2. Do one of the following:
The following error message displays if you are in a Telnet session and the system is set for manual booting (the boot bits in the configuration register are zero):
ERR: Config register boot bits set for manual booting
In case of any catastrophic failure in the Flash memory upgrade, this error message helps to minimize the chance of the system going down to ROM monitor mode and being taken out of the remote Telnet user's control.
The system tries to bring up at least the boot ROM image if it cannot boot an image from Flash memory. Before reinitiating the copy:command, you must set the configuration register boot field to a nonzero value, using the config-register global configuration command.
The copy command initiates a series of prompts to which you must provide responses. The dialog is similar to the following:
Router# copy tftp: flash: *************************** NOTICE ******************************* Flash load helper v1.0 This process will accept the TFTP copy options and then terminate the current system image to use the ROM based image for the copy. Router functionality will not be available during that time. If you are logged in via telnet, this connection will terminate. Users with console access can see the results of the copy operation. ****************************************************************** There are active users logged into the system. Proceed? [confirm] y System flash directory: File Length Name/status 1 2251320 abc/igs-kf.914 [2251384 bytes used, 1942920 available, 4194304 total] Address or name of remote host [255.255.255.255]? 172.16.1.111 Source file name? abc/igs-kf.914 Destination file name [default = source name]? <Return> Accessing file 'abc/igs-kf.914' on 172.16.1.111.... Loading from 172.16.13.111: Erase flash device before writing? [confirm] n File 'abc/igs-kf.914' already exists; it will be invalidated! Invalidate existing copy of 'abc/igs-kf.914' in flash memory? [confirm] y Copy 'abc/igs-kf.914' from TFTP server as 'abc/igs-kf.914' into Flash WITHOUT erase? y %SYS-5-RELOAD: Reload requested % FLH: rxboot/igs-kf.914r from 172.16.1.111 to flash...
The Flash Load Helper operation verifies the request from the running image by trying to copy a single block from the remote server. Then the Flash load helper is executed, causing the system to reload to the ROM-based system image. If the file does not seem to be a valid image for the system, a warning is displayed and a separate confirmation is sought from you.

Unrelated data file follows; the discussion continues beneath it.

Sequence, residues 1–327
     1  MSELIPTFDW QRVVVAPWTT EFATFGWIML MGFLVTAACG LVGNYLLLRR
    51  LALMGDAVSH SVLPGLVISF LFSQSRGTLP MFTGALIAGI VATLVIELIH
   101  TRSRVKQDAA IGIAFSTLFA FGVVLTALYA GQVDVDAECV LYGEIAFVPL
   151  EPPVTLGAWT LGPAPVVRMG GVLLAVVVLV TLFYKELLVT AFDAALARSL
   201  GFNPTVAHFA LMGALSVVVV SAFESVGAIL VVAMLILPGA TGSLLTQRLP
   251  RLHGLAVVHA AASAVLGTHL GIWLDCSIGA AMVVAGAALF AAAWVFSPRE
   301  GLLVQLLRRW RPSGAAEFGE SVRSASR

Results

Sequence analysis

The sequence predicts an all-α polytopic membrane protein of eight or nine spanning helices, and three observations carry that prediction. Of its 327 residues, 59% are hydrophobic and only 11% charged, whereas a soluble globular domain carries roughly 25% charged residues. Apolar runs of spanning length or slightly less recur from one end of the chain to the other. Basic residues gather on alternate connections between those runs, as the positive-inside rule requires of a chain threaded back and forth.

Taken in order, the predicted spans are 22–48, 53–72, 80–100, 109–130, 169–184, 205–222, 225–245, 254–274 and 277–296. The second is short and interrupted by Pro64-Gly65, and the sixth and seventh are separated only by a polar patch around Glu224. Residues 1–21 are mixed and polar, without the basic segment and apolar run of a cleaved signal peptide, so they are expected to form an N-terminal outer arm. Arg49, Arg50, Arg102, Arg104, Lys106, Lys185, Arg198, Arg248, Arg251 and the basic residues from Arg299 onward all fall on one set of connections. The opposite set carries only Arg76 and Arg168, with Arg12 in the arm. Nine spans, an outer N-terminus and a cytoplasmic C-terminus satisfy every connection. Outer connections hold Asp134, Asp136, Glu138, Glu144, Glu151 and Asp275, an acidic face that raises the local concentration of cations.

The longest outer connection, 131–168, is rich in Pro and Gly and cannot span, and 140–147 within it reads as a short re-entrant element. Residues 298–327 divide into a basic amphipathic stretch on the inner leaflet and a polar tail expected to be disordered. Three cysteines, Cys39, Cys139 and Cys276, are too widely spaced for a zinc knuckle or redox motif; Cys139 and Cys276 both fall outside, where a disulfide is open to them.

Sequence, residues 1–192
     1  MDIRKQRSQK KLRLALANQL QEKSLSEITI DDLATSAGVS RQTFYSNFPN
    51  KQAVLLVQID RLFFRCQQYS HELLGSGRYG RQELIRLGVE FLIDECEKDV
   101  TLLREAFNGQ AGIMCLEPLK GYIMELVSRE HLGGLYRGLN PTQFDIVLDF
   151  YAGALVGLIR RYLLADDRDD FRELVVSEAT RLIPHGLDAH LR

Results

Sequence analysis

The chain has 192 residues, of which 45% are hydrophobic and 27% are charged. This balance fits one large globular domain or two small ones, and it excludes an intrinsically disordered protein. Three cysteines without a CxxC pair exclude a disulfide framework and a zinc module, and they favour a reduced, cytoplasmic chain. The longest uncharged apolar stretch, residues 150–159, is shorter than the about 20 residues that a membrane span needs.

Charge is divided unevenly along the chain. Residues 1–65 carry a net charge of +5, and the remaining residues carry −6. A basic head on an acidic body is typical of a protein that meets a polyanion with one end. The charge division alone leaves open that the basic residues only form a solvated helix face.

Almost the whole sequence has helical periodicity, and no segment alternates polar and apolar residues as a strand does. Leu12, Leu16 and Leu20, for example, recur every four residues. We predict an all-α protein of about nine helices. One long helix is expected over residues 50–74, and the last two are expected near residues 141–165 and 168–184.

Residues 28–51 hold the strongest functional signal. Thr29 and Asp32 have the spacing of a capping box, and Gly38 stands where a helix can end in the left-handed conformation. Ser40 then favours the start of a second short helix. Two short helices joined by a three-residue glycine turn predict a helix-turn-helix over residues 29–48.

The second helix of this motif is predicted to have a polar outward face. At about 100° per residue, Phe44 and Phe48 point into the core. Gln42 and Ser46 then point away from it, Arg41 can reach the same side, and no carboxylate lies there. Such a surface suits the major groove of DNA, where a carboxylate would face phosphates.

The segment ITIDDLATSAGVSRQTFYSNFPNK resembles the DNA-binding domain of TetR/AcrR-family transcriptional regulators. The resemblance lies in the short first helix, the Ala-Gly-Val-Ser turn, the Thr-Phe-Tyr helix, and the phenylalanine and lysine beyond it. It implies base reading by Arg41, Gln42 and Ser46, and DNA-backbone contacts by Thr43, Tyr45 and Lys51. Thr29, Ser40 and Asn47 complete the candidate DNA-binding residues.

If the configuration has been modified but not yet saved, you are prompted to save the configuration:
System configuration has been modified. Save? [confirm]
Users with open Telnet connections are notified of the system reload, as follows:
**System going down for Flash upgrade**
If the copy process fails, the copy operation is retried up to three times. If the failure happens in the middle of a copy operation so that only part of the file has been written to Flash memory, the retry does not erase Flash memory unless you specified an erase operation. The partly written file is marked as deleted, and a new file is opened with the same name. If Flash memory runs out of free space in this process, the copy operation is terminated.
After Flash load helper finishes copying (whether the copy operation is successful or not), it automatically attempts an automatic or a manual boot, depending on the value of bit zero of the configuration register boot field according to the following:
To view the system console output generated during the Flash load helper operation, use the image that has been booted up after the Flash memory upgrade. Enter the moreflh:logfilecommand in privileged EXEC mode.
If you are a remote Telnet user performing the Flash upgrade without a console connection, this task allows you to retrieve console output when your Telnet connection has terminated due to the switch to the ROM image. The output indicates what happened during the download, and is particularly useful if the download fails.
Formatting Flash Memory
On Class A and Class C Flash file systems, you can format Flash memory. Formatting erases all information in Flash memory.
On the Cisco 7000 family, you must format a new Flash memory card before using it in a PCMCIA slot.
Flash memory cards have sectors that can fail. You can reserve certain Flash memory sectors as "spares" for use when other sectors fail. Use the format command to specify between 0 and 16 sectors as spares. If you reserve a small number of spare sectors for emergencies, you do not waste space because you can use most of the Flash memory card. If you specify zero spare sectors and some sectors fail, you must reformat the Flash memory card and thereby erase all existing data.
The format operation requires at least Cisco IOS Release 11.0 system software.
Flash Memory Formatting Process
Use the following procedure to format Flash memory. If you are formatting internal Flash memory, such as bootflash, you can skip the first step. If you are formatting a Flash memory card, complete both steps:
1. Insert the new Flash memory card into a PCMCIA slot. Refer to instructions on maintaining the router and replacing PCMCIA cards in your router's hardware documentation for instructions on performing this step.
2. Enter the format [spare spare-number ] device1: [[device2:][monlib-filename ]]command to format Flash memory.